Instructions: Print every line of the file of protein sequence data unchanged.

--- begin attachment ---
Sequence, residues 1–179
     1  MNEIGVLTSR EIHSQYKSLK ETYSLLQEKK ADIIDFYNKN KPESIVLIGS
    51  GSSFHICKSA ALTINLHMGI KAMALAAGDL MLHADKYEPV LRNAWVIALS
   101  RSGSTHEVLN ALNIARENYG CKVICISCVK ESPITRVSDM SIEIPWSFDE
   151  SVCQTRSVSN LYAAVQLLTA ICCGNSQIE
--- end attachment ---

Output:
Sequence, residues 1–179
     1  MNEIGVLTSR EIHSQYKSLK ETYSLLQEKK ADIIDFYNKN KPESIVLIGS
    51  GSSFHICKSA ALTINLHMGI KAMALAAGDL MLHADKYEPV LRNAWVIALS
   101  RSGSTHEVLN ALNIARENYG CKVICISCVK ESPITRVSDM SIEIPWSFDE
   151  SVCQTRSVSN LYAAVQLLTA ICCGNSQIE